Hate running? Here are five unconventional ways to work out

By Alyson Ward

If you’re going to break a sweat, you might as well make it fun, right? Thankfully, there’s no limit to unconventional workouts that get you moving toward a healthier you.

“Be creative,” said Blaine Schmidt, performance coach at Memorial Hermann IRONMAN Sports Medicine Institute. “As long as you get your heart rate up, you’ll see some benefits.”

Here are some ideas to try in lieu of the treadmill.


Indoor or outdoor climbing offers a fresh way to build strength.  And since you’re relying on yourself to lift up your body, it often inspires weight loss.

Climbing works the heart, builds upper and lower body muscles, increases flexibility and even offers a mental break. No screens—just you.

“Some of the greatest benefits are spiritual rather than physical since the nature of this sport requires focus, balance, determination and overcoming fear,” Schmidt said.


There are almost as many different forms of yoga as there are postures. There’s Hatha, which is physical yoga postures, or Bikram yoga, which is typically set in a sauna like environment.

Restorative yoga focuses on winding down after a long day and relaxing your mind. “You spend more time in fewer postures,” Schmidt said.

But in hip-hop yoga, you trade meditative peace for amped up music and energy. Whatever yoga you choose, you’ll enhance your flexibility, strength, breathing and concentration.

“One of the main benefits is you get a better mindset and body awareness,” Schmidt said. “Yoga is the unity of the body and the mind.”


This alternative on spinning immerses you 4 feet deep in a pool. Water adds resistance to what’s also known as hydro-spinning or aqua cycling. In some classes, you hook your feet on the handle to do crunches and push off to do push-ups.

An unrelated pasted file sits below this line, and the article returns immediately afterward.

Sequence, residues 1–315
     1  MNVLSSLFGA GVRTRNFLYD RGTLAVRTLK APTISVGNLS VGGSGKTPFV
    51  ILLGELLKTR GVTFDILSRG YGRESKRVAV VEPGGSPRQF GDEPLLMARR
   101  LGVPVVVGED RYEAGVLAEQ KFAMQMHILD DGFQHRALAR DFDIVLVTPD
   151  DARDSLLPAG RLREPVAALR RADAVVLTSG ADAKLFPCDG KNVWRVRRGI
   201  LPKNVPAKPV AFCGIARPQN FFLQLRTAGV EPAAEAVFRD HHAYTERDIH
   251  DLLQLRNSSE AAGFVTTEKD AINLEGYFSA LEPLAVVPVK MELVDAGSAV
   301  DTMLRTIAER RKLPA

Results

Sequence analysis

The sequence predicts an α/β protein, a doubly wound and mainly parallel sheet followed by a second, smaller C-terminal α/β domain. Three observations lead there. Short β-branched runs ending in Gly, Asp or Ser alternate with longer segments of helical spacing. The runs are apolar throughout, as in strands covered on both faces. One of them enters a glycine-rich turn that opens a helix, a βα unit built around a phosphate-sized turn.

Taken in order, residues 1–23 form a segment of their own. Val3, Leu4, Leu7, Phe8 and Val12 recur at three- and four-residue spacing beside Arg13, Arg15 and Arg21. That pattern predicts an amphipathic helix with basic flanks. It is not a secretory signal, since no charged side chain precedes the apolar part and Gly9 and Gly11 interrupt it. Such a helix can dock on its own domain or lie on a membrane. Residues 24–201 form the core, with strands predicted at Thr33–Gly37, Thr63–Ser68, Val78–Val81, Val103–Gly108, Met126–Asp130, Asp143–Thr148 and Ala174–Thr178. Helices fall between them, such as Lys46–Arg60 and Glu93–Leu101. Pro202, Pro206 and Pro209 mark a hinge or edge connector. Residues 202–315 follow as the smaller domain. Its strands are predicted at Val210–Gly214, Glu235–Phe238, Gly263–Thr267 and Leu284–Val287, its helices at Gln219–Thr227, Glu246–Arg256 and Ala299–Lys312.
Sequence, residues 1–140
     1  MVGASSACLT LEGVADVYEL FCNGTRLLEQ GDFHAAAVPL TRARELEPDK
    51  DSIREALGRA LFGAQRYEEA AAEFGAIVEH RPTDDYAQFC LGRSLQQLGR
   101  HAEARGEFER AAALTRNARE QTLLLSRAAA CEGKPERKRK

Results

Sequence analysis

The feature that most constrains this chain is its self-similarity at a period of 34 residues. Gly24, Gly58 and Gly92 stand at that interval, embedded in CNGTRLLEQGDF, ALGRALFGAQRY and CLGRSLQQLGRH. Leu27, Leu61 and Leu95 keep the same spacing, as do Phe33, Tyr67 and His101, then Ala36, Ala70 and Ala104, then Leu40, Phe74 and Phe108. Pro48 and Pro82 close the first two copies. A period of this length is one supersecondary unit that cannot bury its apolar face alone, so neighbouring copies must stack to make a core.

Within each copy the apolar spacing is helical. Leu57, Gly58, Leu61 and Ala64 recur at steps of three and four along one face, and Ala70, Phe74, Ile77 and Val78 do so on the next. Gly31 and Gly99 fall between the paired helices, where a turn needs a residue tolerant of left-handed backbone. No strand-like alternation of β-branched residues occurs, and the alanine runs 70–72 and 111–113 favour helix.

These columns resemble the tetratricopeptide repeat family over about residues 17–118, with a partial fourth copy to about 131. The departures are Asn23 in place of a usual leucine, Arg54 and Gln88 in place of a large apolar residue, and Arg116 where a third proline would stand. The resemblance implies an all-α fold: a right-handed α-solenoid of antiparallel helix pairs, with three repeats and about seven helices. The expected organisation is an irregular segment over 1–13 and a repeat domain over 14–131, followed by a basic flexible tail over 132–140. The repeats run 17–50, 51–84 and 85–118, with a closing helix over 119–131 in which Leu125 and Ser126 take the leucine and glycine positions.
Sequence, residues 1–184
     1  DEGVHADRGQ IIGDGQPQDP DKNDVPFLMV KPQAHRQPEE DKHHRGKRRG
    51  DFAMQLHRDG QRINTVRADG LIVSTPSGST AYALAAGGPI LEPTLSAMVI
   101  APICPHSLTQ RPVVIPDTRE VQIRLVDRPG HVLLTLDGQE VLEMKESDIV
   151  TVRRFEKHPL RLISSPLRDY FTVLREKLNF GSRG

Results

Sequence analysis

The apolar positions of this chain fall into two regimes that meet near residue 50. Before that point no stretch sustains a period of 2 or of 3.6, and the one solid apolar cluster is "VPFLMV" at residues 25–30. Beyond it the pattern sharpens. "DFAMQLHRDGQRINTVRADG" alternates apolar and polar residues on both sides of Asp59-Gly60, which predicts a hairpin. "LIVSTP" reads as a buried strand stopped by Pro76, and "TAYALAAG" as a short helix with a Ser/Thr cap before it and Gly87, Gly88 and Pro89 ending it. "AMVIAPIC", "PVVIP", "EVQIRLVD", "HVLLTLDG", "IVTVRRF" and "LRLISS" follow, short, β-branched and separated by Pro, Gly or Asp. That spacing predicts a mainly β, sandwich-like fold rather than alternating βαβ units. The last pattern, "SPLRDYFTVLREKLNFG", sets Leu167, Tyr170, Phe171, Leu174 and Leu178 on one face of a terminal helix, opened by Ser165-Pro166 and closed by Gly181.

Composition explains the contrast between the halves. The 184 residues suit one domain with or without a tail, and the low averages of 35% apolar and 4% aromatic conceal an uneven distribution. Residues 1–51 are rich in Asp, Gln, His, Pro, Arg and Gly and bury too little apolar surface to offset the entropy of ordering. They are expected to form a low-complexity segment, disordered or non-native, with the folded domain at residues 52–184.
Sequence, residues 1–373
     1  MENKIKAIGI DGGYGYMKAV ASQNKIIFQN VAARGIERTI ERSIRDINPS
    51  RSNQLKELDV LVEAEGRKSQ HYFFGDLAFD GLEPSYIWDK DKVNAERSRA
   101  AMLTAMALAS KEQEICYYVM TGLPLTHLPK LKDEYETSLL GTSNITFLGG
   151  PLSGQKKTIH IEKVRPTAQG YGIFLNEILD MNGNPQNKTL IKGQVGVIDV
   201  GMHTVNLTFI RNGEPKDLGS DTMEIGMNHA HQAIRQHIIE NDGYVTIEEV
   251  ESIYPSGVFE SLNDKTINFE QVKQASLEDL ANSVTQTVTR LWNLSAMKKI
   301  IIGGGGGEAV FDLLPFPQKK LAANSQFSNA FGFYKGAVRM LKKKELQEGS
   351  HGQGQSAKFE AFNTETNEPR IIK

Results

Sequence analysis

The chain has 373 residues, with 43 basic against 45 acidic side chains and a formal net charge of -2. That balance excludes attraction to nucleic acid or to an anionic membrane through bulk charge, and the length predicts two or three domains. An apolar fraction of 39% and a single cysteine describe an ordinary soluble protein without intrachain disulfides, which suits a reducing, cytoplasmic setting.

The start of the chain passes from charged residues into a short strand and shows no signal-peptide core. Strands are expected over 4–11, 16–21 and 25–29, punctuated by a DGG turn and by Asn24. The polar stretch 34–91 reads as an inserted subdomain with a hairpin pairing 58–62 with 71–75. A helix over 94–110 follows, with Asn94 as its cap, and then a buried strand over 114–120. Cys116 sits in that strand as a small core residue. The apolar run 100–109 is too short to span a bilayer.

Other water sports get you outside: stand-up paddle boarding, kayaking, water-skiing or wakeboarding. “Any type of rowing or paddling is great for upper body strength and endurance,” Schmidt said.


Feel like a kid again while you burn calories and strengthen your legs and hips.

“If you’re outside, you clear your head of distractions and release hormones that make you feel better mentally and physically,” Schmidt said.


Japanese and Korean forms of self-defense are merged with grappling and kicking.

Takedowns strengthen your lower body, while raising your heart rate and self-discipline. 

“Martial arts have many health benefits for the body and the mind, including muscular endurance, power, and improved balance and joint mobility,” Schmidt says. “You get the same health benefits as jogging, such as stress relief, greater confidence and balance.”

Quick Fitness Fixes for the Office

Life can get busy. Luckily, there are moves to help you stay on track, no matter where you find yourself – even while at work. The following versatile moves can help you kick your fitness routine into gear at the office.

Copy Machine Calisthenics

• Lift one leg to the back or side, keeping it straight.

• Slowly lower it.

• Change sides.

• In the same position, bend your right knee.

• Swing leg forward and back for 30 seconds.

• Repeat with left leg.

Chair Squats

• Start with feet flat on floor.

• Sit tall at your desk.

• Hold your abdominal muscles tight.

• Extend one leg until it is level with your hip.

• Hold for ten seconds.

• Slowly lower leg.

• Repeat 15 times.

• Change legs.

Exercise Ball Ab Toning

• Sit on the ball and find your balance.

• Pull your navel in.

• Pull your shoulders back (no slouching).

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